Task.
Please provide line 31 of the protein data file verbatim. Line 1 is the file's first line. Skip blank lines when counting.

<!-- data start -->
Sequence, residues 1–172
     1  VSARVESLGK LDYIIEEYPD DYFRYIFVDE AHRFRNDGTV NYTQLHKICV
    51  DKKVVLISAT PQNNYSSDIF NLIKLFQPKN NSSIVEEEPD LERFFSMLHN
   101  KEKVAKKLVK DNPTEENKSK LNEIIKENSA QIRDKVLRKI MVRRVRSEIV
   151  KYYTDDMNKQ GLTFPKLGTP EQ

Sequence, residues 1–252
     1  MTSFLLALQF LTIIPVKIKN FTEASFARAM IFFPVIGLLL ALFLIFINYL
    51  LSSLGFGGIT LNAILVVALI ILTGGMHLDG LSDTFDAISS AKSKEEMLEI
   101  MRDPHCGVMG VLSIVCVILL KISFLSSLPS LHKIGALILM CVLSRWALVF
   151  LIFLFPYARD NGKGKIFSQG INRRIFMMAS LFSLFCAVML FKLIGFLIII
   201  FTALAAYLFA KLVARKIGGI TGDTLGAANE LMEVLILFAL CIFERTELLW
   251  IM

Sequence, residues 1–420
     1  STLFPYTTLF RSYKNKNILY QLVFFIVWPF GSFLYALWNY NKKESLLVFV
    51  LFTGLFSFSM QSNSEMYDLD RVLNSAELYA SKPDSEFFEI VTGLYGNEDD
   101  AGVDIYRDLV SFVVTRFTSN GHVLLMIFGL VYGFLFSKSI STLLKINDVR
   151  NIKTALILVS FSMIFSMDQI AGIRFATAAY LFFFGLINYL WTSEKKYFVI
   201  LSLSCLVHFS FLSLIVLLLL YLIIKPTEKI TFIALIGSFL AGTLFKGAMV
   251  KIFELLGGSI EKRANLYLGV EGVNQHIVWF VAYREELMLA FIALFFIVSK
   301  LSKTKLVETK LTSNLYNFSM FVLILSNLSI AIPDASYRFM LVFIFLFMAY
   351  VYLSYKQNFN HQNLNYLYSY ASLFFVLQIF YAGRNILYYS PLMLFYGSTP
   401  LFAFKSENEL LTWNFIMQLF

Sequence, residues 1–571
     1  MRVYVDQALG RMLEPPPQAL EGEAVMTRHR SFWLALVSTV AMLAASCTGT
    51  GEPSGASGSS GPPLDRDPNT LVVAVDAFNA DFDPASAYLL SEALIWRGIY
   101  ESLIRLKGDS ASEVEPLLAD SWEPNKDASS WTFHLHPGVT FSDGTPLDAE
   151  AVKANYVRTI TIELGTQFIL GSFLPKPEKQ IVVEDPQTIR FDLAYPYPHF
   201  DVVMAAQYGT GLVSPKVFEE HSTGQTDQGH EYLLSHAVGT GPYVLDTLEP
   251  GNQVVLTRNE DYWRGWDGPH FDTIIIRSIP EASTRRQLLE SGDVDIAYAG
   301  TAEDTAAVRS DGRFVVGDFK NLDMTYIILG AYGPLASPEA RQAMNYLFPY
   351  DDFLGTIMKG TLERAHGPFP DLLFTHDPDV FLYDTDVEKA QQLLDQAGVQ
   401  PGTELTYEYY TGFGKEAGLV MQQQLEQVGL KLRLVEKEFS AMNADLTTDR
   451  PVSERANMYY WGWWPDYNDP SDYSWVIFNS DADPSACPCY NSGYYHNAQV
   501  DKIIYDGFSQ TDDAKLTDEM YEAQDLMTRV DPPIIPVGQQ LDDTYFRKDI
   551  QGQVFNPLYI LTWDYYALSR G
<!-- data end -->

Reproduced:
   351  DDFLGTIMKG TLERAHGPFP DLLFTHDPDV FLYDTDVEKA QQLLDQAGVQ